Independent Clauses | n. —unusual words about underappreciated music

What Happened to Your Integrity?

March 1, 2005

What Happened to Your Integrity?

I finally found a drummer to play with. After three-plus years of looking for a drummer who was willing to play post-hardcore, I found him- or at least I thought I did. We were jamming for the first time a week ago, doing a cover of No Trivia by From Autumn to Ashes, and I added screaming vocals. At this point our drummer stopped playing and said, “We really shouldn’t scream. I don’t think we will be as popular if we scream.”

This set me off. He had claimed that he wanted to play, and that playing was all he cared about, yet he was complaining that we wouldn’t be able to be popular if we included screaming in our songs. I think this mentality is the reason good bands are becoming scarcer. This thought process is ruining bands that have the potential of bringing new, great cards to the table with innovative music styles.

Bands, even the “underground” and “indie” bands, are buying into the thought process that there is a mold that you can’t stray too far from. These cookie cutter “indie” bands are the same ones who claim to be branching out. Honestly, I think that musicians have become so intensely focused on money and making that hit record that they have forgotten their number one priority: to make music that they want to make. So many times I read interviews and see a band member say “Well, I would really like to play *insert genre here* but it’s just not feasible at the moment.” Granted, sometimes this means he couldn’t find other people to play that genre with them. But more often it means that they didn’t feel they could have success in that genre- not because of talent but because of popularity of the genre. I just want to hear a band play the music they love, not the music that they think other people love. Now I may be in the minority on this one, but I just want to see a genuine band that loves their music.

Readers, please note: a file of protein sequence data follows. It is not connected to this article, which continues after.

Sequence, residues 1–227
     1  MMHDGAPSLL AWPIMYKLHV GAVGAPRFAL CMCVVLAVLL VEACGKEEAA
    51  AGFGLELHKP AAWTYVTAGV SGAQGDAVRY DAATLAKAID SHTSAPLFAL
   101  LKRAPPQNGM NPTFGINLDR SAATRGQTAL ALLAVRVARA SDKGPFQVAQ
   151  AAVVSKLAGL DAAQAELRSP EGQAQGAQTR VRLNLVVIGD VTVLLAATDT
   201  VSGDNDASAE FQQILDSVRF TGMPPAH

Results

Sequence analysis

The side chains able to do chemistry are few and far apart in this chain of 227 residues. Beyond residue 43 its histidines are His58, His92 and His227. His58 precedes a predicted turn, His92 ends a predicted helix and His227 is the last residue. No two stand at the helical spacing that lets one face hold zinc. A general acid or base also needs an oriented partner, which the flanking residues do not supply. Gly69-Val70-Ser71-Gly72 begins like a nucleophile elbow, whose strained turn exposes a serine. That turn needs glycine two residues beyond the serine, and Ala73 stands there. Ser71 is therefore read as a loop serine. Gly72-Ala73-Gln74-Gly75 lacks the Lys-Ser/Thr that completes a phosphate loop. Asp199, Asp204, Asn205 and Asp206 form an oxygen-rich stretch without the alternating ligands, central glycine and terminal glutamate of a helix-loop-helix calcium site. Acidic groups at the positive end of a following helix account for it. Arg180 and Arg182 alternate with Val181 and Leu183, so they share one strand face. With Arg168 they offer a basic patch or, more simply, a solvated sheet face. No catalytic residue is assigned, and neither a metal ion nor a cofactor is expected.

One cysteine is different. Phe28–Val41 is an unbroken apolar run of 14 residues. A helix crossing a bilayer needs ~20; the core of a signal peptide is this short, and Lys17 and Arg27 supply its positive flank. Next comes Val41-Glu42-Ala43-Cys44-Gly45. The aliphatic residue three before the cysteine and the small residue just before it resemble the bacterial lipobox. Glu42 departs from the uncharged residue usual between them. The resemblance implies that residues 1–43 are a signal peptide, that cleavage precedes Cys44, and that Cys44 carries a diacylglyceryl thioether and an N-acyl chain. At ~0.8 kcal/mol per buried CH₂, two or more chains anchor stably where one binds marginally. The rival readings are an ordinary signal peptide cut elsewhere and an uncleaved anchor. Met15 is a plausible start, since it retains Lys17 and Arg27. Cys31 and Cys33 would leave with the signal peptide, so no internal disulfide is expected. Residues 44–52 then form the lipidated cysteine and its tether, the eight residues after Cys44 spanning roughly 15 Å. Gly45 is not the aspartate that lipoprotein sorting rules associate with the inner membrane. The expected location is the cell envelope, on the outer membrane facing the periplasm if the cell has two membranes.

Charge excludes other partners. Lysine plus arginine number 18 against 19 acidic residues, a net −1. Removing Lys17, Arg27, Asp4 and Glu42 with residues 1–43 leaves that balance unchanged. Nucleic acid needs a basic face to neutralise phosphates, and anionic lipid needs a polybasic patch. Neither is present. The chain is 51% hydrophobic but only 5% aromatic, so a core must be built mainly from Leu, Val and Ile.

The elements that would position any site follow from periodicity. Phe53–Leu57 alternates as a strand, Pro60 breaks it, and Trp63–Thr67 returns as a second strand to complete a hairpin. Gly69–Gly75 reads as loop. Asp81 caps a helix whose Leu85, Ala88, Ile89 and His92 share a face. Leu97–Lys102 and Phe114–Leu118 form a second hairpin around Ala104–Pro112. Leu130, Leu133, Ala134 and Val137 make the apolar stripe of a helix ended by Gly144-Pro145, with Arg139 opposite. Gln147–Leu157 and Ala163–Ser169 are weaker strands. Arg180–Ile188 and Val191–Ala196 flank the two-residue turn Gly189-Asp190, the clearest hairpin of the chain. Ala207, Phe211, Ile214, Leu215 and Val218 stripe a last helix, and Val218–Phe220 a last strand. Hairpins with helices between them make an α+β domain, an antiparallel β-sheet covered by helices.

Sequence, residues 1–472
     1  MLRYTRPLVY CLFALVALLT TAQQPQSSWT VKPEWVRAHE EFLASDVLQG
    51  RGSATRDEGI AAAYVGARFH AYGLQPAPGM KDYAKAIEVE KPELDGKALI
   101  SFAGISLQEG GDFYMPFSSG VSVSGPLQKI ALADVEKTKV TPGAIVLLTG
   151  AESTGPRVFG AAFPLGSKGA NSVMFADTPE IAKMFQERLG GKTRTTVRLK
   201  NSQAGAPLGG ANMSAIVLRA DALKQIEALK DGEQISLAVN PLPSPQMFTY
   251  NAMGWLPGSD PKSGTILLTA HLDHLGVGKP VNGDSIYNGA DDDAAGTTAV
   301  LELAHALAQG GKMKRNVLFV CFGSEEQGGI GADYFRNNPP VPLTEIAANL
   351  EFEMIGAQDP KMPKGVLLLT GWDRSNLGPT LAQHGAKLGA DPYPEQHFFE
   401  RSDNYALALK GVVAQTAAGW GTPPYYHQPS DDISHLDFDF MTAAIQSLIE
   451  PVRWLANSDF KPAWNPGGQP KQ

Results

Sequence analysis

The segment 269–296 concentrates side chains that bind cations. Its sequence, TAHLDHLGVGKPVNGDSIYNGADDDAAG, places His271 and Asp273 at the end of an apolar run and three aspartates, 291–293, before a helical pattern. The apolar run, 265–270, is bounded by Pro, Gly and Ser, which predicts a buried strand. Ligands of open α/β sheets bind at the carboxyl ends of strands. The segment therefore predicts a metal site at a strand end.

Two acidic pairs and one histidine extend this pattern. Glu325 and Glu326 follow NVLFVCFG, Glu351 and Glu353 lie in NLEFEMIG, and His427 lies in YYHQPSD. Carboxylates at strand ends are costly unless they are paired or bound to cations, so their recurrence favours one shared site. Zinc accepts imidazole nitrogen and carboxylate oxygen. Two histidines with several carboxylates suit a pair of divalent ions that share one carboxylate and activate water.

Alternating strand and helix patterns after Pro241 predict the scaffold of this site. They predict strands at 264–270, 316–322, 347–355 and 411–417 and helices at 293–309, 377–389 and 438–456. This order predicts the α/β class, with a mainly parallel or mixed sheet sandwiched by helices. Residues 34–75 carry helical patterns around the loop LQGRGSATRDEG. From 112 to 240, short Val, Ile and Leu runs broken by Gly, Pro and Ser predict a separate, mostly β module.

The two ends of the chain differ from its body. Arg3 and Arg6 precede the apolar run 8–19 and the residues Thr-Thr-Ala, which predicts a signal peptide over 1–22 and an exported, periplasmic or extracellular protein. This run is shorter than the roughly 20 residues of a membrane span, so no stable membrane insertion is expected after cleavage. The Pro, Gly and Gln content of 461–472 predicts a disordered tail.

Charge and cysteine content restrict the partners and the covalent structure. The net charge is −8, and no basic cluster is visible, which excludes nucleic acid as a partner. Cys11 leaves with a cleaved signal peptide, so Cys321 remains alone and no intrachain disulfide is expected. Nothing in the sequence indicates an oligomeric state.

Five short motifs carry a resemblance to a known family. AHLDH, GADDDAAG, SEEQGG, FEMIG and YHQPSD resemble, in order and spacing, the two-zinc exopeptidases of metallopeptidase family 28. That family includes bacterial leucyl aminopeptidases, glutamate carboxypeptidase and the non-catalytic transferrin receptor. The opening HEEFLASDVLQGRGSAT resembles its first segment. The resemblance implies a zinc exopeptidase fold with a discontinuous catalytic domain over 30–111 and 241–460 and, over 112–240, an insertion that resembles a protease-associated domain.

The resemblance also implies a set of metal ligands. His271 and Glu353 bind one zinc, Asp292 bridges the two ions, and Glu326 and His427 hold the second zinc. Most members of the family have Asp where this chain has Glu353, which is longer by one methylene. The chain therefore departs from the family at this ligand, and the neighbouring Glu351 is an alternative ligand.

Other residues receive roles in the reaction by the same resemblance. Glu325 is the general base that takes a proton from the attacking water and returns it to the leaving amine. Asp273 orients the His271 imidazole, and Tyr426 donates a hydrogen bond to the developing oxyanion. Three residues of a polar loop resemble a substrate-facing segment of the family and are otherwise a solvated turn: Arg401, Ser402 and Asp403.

This thought process is also stopping bands from experimenting in their genre. Bands are so worried about staying true to a single genre that they won’t go out on a limb and try new things. For example, think about this: I want to see a scream-core band like Alexisonfire try playing a ballad. Why not? I just want to see bands play with their sound and be willing to play what they like.

-Scott Landis (redbassist66@comcast.net)

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Stephen Carradini and friends write reviews of bands that are trying to make the next step in their careers.

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